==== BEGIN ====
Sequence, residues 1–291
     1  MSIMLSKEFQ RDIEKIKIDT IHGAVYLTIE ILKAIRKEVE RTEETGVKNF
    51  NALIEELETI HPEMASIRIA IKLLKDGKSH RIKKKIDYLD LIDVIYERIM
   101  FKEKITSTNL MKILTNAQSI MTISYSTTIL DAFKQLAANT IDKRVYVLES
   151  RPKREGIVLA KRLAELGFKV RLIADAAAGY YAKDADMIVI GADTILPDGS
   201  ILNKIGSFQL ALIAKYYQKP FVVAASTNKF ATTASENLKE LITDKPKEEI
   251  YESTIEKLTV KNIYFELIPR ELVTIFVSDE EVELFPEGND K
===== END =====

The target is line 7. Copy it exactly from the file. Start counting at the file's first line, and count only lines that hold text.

   251  YESTIEKLTV KNIYFELIPR ELVTIFVSDE EVELFPEGND K